Erich Nakano

From KeyWiki
Jump to: navigation, search

Erich Nakano is Deputy Director at Little Tokyo Service Center Greater Los Angeles area. He is the son of Lillian Nakano, and Bert Nakano.


University of California, Los Angeles.

Asian Student Union

In 1983 Erich Nakano was a senior majoring in Political Science at the University of California, Berkeley, and a member of the Asian Student Union.[1]

Unity interview

In May 1985 the League of Revolutionary Struggle newspaper Unity published a supplement on the university South African divestment movement.

They profiled the activities of several campus groups involved in the campaign.

Berkely activists interviewed were...;

Unity article

Gil Sanchez, Jr., Alice Stauffer, Erich Nakano, wrote article in the October 11, 1985 Unity on the student movement "Broadening our horizons: bringing the struggle home".

Comrade's wedding


Erich Nakano, Michael Schmitz and Steve Phillips attended Kathleen Coll's wedding to Alejandro Sweet-Cordero.

Student march

Unity April 20 1987.PNG

Angela Ramirez, (California MEChA) Erich Nakano (Asian/Pacific Islander Student Union), Michael Stoll, (African/Black Student Statewide Alliance) were interviewed in Unity, April 20, 1987, about a recent Los Angeles student march.


October 15, 1990 the listed Student Unity Network contacts for League of Revolutionary Struggles' Unity were - Gina Hernandez, Erich Nakano, Cheryl Taylor.

Unity student activism

In 1990 Lisa Neeley, African/Black Statewide Student Alliance, Stanford University ,Carol Finis, La Raza Student Organization, San Francisco State University, Erich Nakano Asian Student Union UC Berkeley, Michael Schmitz, urban planning UCLA, UCLA Bruin Democrats, and California Progressive Student Alliance contributed to the April 16 student supplement issue of Unity, newspaper of the League of Revolutionary Struggle.

"A call to build an organization for the 1990s and beyond"

Unity, January 28 1991, issued a statement "A call to build an organization for the 1990s and beyond" on pages 4 to 6.

This group was a split in the League of Revolutionary Struggle which soon became the Unity Organizing Committee.

Those listed as supporters of the call included Erich Nakano, student editor Unity. .

Unity student supplement

Erich Nakano contributed to the Unity Organizing Committee's Unity Spring 1991 student supplement with help from Stacey Shears, Midwest board rep. for the United States Student Association, and Cato Felan, student University of Texas-Austin.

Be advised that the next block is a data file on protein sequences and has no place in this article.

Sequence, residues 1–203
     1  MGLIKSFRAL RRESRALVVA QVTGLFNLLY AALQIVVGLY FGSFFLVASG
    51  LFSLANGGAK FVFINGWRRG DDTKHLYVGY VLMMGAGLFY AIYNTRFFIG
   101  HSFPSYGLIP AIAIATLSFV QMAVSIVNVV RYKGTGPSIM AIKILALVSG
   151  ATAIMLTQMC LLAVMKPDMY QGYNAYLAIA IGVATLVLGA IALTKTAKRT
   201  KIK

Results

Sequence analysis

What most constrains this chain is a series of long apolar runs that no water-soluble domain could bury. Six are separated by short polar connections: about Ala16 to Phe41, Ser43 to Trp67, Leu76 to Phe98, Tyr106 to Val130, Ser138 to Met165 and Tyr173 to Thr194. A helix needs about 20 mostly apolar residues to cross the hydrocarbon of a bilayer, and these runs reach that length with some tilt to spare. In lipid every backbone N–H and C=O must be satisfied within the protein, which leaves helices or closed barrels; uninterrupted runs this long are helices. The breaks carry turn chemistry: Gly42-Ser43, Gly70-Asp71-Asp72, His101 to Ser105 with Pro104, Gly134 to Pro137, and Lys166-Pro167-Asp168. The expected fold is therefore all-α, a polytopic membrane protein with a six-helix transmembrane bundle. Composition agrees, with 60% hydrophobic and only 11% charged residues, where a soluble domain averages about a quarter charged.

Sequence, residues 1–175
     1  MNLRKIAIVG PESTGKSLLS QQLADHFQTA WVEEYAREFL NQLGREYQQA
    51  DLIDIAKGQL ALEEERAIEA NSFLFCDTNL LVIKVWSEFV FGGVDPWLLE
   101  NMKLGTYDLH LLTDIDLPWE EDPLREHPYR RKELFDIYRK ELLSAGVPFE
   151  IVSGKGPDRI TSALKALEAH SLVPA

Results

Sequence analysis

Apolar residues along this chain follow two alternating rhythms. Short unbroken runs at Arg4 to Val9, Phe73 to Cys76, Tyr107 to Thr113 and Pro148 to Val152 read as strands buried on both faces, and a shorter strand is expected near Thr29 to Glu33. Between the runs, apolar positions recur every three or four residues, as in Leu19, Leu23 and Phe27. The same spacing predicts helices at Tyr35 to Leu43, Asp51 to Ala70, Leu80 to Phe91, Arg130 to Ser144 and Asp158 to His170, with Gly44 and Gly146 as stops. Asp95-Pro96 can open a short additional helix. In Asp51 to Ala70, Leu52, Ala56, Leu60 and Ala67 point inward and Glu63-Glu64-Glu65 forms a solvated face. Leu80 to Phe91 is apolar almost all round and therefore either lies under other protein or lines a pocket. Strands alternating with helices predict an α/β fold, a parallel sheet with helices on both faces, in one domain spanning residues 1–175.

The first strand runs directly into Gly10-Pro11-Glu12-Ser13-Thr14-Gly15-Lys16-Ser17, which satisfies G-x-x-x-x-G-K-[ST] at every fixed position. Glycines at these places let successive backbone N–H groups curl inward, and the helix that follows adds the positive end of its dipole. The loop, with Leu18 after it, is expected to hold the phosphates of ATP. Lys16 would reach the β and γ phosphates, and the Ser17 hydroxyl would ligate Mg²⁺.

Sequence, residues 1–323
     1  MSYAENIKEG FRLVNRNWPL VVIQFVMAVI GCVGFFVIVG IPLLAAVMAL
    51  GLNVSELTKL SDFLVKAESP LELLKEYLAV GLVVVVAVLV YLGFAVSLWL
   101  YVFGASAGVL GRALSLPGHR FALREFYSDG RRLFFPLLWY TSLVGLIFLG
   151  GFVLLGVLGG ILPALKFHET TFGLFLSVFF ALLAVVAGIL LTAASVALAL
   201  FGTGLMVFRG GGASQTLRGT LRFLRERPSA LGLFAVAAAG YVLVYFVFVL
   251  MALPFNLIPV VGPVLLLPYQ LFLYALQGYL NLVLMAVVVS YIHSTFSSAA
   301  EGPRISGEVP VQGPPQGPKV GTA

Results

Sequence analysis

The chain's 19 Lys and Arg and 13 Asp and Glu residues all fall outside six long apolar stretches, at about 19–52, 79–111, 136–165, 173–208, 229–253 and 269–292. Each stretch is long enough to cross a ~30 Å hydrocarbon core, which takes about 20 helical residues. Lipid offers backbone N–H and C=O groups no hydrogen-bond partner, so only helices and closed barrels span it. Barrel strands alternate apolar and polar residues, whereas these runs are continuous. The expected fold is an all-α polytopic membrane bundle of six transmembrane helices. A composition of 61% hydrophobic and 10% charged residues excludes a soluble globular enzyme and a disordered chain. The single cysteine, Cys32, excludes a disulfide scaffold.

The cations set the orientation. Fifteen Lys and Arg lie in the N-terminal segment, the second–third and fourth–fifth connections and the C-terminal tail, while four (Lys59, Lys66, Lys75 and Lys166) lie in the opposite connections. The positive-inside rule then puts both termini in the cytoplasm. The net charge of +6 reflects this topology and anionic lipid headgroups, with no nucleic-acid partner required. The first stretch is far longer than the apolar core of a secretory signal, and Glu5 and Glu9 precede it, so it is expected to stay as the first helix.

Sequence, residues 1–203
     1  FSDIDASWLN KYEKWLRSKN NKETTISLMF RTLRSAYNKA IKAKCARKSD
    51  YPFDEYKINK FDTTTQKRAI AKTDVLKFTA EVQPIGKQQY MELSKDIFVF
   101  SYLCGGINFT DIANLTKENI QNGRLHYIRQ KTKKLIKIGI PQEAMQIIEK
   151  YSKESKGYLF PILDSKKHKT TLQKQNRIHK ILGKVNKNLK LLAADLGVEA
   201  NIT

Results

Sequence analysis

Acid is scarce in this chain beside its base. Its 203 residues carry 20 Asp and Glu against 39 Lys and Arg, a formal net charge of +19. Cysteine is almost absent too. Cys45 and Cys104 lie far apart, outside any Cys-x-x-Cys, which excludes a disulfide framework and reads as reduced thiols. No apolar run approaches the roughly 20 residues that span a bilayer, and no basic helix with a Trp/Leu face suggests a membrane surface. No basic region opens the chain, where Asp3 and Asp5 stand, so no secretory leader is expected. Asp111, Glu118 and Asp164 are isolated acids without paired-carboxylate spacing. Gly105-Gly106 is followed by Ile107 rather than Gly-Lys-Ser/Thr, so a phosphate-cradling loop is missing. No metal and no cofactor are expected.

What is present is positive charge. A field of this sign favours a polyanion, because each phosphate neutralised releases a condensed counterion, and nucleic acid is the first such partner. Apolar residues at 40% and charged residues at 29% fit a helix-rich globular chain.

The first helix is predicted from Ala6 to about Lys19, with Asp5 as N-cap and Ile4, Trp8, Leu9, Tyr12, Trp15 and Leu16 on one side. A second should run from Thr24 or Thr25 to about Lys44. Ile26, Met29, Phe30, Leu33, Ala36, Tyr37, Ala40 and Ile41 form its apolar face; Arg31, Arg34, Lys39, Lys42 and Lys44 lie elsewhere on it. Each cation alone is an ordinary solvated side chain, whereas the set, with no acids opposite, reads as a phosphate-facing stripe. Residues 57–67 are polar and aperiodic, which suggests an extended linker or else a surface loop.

East West Community Partnership


Sheri Miyashiro and Erich Nakano man the East West Community Partnership table, early 1990s?

Meeting Maxine

Asian American voters will hold an evening with Rep. Maxine Waters (D-Los Angeles) on Thursday, Aug. 9, from 6 to 9 p.m. 2012, at the New Gardena Hotel, 1641 W. Redondo Beach Blvd.

Due to redistricting, Waters now represents the new 43rd Congressional District, which includes Gardena, Torrance, Harbor Gateway, Lomita and Hawthorne. She will give brief remarks and take part in casual conversation and exchange of ideas with her constituents on such topics as jobs, health care, veterans’ issues, Medicare, Social Security, home foreclosures, student loans, safe neighborhoods, quality education, and business development.

Host committee: Assemblymember Warren Furutani, Sam Joo, Traci Kato-Kiriyama, Dennis Kobata, Alison Kochiyama, Dean Matsubayashi, Mike Murase, Erich Nakano, Alan Nishio, Amy Phillips, Jan Tokumaru, Diane Ujiiye.[2]

Executive Staff

Little Tokyo Service Center, Executive Staff, as of 2016;[3]

Supporting Al Muratsuchi

Assemblymember Al Muratsuchi with some of his supporters. From left: Elnie Vannatim, Mike Murase, Muratsuchi, Erich Nakano, Catherine Chuck, Alan Nishio

A reception supporting the re-election of Assemblymember Al Muratsuchi (D-Torrance) was held Oct. 28 2014, at the Japanese American Cultural and Community Center in Little Tokyo.

Muratsuchi, who was first elected two years ago, is in a tight race against Republican challenger David Hadley, with both sides putting out mailers on a daily basis and airing commercials on TV ahead of the Nov. 4 election. The campaigns have been trading accusations, with Hadley’s side calling Muratsuchi a “job killer” who is “clueless on how businesses create jobs” and “voted to raise our taxes,” and Muratsuchi’s side calling Hadley “just another Tea Party politician who will say or do anything to get elected.”

Henry Ota said that he and other reception co-chairs are “motivated to do all we could to make it possible for him to return to Sacramento … not just because he’s Japanese American … He’s one of the recognized political leaders in Sacramento, recognized by the governor … by the leadership of the Democratic Party … but also recognized, I think, by the people on the other side of the aisle, somebody who understands the issues and deals with the issues in a very positive way.”

The other co-chairs were Catherine Chuck, Kerry Doi, Ernest Doizaki, Warren Furutani, Stephen Gee, Toshio Handa, Thomas Iino, Bill Imada, Kenneth Inouye, Gary Kawaguchi, Alan Nishio, Kanji Sahara and Bill Watanabe. [4]